When talking about Sega’s contributions to the RPG and strategy genres, Skies Of Arcadia and Sakura Wars are two titles that are bound to enter the conversation – the former’s cult following remains strong to this day, while the latter was a multi-million selling phenomenon in Japan. When members of the teams behind those games got together, they decided to draw upon their previous work to create something new. The result was Valkyria Chronicles.
Wishing to tell a war story inspired by World War Two while including some fantasy elements, the team employed Raita Honjou to come up with character and vehicle designs. To fit with the preferred rustic aesthetic, Honjou opted to include design elements that recalled World War One, particularly in the uniforms of the soldiers. With the intention that the game should appeal to players who wouldn’t normally enjoy war-themed videogames, Valkyria Chronicles was designed to place focus on the characters rather than the violent reality of military conflict. Originally conceived as a much more traditional strategy game, real-time action elements were added to a battle system inspired by Sakura Wars 3 to provide a sense of emotional involvement, dramatically altering the game’s overall dynamics.
Valkyria Chronicles is set in the fictional country of Gallia, during the Second Europan War. Gallia is neutral in the conflict, but its supply of resources causes it to be invaded by the Empire. Taking charge of Squad 7 of the Gallian Militia, a ragtag brigade of characters with their own distinct personalities, your goal is to drive back the Imperials and ensure the freedom of your homeland.
The most immediately striking aspect of Valkyria Chronicles is its unique visual style, which goes beyond the usual cel-shading technique to produce visuals that resemble watercolour paintings. The technical achievement is impressive – as the map zooms out or objects leave the painted area in the centre of the screen, detail is removed until only simple pencil outlines remain. It’s a perfect fit for the game’s take on 20th Century warfare, calling to mind the work of the acclaimed Japanese animation team Studio Ghibli.
But all the visual flair would be worthless if the gameplay didn’t hold up its end of the bargain, and the game doesn’t disappoint here. Valkyria Chronicles plays out through a series of tactical battles, utilising a combination of turn-based and real-time gameplay. Before battle you’ll have to choose squad members, who are divided into five classes, ranging from close-range shocktroopers and long-range snipers to the heavily armoured anti-tank lancers. Getting the right mix is crucial due to the game’s varied terrain and mission objectives – snipers prove their worth in open desert maps, but prove far less useful in dense forests.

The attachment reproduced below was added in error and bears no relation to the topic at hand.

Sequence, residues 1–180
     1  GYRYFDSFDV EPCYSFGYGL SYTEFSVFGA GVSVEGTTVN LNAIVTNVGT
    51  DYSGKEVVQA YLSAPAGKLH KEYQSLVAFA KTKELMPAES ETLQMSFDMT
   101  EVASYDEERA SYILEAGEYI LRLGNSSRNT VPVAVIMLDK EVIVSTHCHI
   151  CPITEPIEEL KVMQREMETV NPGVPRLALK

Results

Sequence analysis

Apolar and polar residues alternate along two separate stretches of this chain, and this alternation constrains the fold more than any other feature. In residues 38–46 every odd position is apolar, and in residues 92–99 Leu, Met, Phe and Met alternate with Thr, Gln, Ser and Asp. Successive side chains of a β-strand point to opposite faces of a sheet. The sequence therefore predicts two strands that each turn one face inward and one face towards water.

When battle begins, players are presented with an overhead tactical map where they can select individual units. This places the camera into a third-person view of your chosen soldier, who can be moved in real-time until their Action Points run out as well as fire once. Complicating matters, while you’re in control of a character the enemy is at liberty to open fire on them. This active element of play provides for some wonderfully tense moments as you decide just how far to charge in before letting loose with your own weapon, balancing the risk of further damage with the possibility of a better aim. It’s also important to consider positioning as you relinquish control, as your soldiers will fire during the enemy’s turn.
Paying attention to your characters makes a difference on the battlefield too, as their individual traits have been worked into the battle system. Take Jann Walker as an example. Being around men enhances his accuracy as he tries to impress them and if he’s around his crush Largo, his attack strength will be increased. He’s also got hayfever, which causes him to lose HP around plant life. If one of your soldiers falls in battle, you’ll have three turns to rescue them before they die. You’ll want to avoid this at all costs – while dead squad members can be replaced, you won’t be able to imagine your squad without your favourite characters.
Why It’s A Future Classic
In an era where the skills of Japanese developers have been called into question on an unprecedented level, Valkyria Chronicles stands out as a fantastic game which couldn’t have originated anywhere else. With its charming artistic style and anime sensibilities, as well as character designs that provide a lesson in imbuing a large cast with a distinct individuality, the game is able to engage players outside of the usual strategy audience.
Despite combining influences from the developer’s previous games, there’s still nothing quite like Valkyria Chronicles’ unique take on turn-based strategy. Marrying an excellent game system with well-designed and varied maps, the game provides epic battles on a grand scale, made all the more memorable by your soldiers and the control you have over them.